The 2012 guide is chock-full of appropriate toys grouped by skill sets that apply to children with physical, developmental or cognitive disabilities. This year, the guide also includes safe play tips just for kids with special needs to avoid playtime injurie, as well as the National Lekotek Center's list of Top Ten Tips for Buying Toys.
The toys are not grouped by disability, nor is age-appropriateness suggested overtly in the guide. As parents of special needs children know all too well, disability doesn’t define ability. Rather, symbols are used to gather toys by the skills they encourage. And every toy fits into at least two categories, which include auditory, language, social, creativity and more.
The National Lekotek Center, which evaluates hundreds of toys on their suitability for children with physical, cognitive or developmental disabilities, collaborated on the project to find toys worthy of inclusion. According to criteria evaluated during therapeutic play sessions, the center identified those toys having exceptional educational and developmental qualities for the guide.
Here are some of the questions the professionals at the National Lekotek Center asked themselves when making decisions about which toys would most benefit children with special needs. You can use them to help guide your choices whenever you purchase toys for your child.
- Multi-sensory appeal: Does the toy respond with lights, sounds or movement to engage the child? Are there contrasting colors? Does it have a scent? Is there texture?
- Method of activation: Will the toy provide a challenge without frustration? What is the force required to activate? What are the number and complexity of steps required for activation?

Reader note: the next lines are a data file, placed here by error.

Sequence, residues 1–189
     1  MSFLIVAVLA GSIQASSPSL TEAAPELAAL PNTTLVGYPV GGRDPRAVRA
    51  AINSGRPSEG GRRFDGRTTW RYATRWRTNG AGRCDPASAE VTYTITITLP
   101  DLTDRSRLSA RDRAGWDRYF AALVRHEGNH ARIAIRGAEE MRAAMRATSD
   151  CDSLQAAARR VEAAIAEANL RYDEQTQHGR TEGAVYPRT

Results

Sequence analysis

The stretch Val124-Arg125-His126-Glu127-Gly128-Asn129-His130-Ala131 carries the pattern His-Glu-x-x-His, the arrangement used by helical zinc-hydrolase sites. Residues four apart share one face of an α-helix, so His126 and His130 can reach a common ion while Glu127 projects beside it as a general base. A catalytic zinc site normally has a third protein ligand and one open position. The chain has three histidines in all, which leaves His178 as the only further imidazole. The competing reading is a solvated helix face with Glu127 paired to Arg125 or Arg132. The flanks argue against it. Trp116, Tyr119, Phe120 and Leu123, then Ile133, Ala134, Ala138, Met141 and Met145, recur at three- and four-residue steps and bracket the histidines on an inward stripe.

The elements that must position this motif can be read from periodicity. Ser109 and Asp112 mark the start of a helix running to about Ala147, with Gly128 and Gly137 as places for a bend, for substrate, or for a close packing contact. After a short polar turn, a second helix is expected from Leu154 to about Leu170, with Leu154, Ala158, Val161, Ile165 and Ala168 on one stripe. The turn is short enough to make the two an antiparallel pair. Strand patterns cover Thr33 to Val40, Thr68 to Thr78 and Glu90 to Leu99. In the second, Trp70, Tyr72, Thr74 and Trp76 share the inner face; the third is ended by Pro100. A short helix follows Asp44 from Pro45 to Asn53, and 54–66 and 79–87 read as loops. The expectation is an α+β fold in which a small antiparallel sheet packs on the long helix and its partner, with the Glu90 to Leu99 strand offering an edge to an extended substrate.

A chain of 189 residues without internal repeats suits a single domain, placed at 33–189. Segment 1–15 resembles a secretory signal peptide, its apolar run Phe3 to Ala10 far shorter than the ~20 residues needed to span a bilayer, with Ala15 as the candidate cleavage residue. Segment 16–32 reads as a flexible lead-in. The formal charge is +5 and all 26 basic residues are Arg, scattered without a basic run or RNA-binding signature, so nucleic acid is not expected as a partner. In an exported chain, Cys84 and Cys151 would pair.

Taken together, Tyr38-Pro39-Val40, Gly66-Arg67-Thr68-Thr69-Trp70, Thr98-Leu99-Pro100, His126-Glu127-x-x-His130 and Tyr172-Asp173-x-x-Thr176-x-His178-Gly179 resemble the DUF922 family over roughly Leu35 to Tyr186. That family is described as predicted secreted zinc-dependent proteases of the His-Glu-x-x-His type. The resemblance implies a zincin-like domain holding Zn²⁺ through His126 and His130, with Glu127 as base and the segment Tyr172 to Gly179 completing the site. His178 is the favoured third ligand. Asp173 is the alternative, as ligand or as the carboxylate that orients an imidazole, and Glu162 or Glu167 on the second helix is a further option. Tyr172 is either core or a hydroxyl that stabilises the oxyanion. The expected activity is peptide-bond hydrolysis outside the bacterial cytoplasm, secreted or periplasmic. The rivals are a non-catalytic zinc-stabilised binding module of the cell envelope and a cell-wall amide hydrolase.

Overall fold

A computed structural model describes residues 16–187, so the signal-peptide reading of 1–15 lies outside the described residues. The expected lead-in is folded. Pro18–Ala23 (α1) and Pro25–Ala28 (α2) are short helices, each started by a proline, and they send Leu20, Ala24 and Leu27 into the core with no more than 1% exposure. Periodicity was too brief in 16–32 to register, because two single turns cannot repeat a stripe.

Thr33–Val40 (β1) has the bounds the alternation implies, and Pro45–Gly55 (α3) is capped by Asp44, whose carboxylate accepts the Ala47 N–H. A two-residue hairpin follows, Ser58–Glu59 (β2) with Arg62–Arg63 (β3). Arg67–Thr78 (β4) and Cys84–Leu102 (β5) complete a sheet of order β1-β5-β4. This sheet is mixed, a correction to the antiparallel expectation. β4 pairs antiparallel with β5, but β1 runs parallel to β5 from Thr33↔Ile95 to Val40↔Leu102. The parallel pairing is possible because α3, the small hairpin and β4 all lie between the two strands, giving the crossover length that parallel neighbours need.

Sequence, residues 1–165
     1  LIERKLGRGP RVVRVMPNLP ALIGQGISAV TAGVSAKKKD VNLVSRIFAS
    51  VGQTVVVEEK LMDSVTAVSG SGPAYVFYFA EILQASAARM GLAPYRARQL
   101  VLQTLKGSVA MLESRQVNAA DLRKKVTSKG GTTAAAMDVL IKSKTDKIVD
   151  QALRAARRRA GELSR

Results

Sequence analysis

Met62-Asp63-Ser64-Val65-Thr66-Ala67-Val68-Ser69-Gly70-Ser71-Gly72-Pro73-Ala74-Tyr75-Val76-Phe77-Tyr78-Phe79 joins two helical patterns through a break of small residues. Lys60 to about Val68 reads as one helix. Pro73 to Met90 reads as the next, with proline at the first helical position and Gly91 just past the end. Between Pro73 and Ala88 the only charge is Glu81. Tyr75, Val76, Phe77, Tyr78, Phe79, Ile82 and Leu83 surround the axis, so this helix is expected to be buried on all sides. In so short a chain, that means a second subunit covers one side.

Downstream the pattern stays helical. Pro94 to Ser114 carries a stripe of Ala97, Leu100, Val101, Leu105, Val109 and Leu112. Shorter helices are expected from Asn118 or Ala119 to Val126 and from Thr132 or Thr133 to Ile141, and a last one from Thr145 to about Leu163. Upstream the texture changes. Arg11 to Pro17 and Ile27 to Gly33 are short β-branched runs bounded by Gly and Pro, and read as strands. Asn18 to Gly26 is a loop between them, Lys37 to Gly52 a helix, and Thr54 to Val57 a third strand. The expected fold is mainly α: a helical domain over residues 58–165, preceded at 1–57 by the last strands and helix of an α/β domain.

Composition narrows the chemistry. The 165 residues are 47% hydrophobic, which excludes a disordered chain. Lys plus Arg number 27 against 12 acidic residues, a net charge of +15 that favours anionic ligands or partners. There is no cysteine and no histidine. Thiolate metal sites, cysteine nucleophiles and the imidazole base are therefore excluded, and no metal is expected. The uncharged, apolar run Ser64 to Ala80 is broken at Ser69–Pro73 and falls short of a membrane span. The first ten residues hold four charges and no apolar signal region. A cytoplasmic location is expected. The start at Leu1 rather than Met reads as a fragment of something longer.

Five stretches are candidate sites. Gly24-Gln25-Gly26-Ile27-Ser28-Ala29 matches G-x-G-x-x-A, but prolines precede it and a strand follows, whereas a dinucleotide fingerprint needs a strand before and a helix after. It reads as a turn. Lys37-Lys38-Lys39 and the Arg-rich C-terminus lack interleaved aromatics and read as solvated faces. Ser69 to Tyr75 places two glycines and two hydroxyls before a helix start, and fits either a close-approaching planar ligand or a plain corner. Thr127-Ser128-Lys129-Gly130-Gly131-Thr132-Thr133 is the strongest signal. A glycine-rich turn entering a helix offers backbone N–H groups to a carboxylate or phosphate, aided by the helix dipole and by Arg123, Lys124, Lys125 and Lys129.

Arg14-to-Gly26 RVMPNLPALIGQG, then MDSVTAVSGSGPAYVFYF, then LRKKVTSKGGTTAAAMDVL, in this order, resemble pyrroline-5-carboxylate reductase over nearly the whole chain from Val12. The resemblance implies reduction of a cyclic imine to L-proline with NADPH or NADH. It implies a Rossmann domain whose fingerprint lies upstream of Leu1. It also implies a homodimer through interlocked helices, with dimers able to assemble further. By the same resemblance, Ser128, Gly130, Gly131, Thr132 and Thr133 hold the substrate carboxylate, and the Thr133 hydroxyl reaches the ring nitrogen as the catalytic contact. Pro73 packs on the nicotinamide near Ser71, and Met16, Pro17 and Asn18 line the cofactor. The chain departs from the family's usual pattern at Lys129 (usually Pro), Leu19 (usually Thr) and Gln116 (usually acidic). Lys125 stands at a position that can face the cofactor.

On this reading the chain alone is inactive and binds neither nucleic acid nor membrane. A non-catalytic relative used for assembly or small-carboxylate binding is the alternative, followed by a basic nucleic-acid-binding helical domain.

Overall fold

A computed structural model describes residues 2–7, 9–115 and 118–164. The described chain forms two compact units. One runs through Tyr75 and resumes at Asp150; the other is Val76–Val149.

- Places the toy will be used: Will the toy be easy to store? Is there space in the home? Can the toy be used in a variety of positions such as side-lying or on a wheelchair tray?
- Opportunities for success: Can play be open-ended with no definite right or wrong way? Is it adaptable to the child's individual style, ability and pace?
- Current popularity: Is it a toy that will help the child with special needs feel like "any other kid?" Does it tie in with other activities, like books and art sets, that promote other forms of play?
- Self-expression: Does the toy allow for creativity, uniqueness and making choices? Will it give the child experience with a variety of media?
- Adjustability: Does it have adjustable height, sound volume, speed and level of difficulty?
- Child's individual abilities: Does the toy provide activities that reflect both developmental and chronological ages? Does it reflect the child's interests and age?
- Safety and durability: Does the toy fit with the child's size and strength? Does it have moisture resistance? Are the toy and its parts sized appropriately? Can it be washed and cleaned?
- Potential for interaction: Will the child be an active participant during use? Will the toy encourage social engagement with others?
The 2012 Toy Guide for Differently Abled Kids is available for free at all Toys "R" US and Babies "R" Us locations. You can also download the guide from the information page.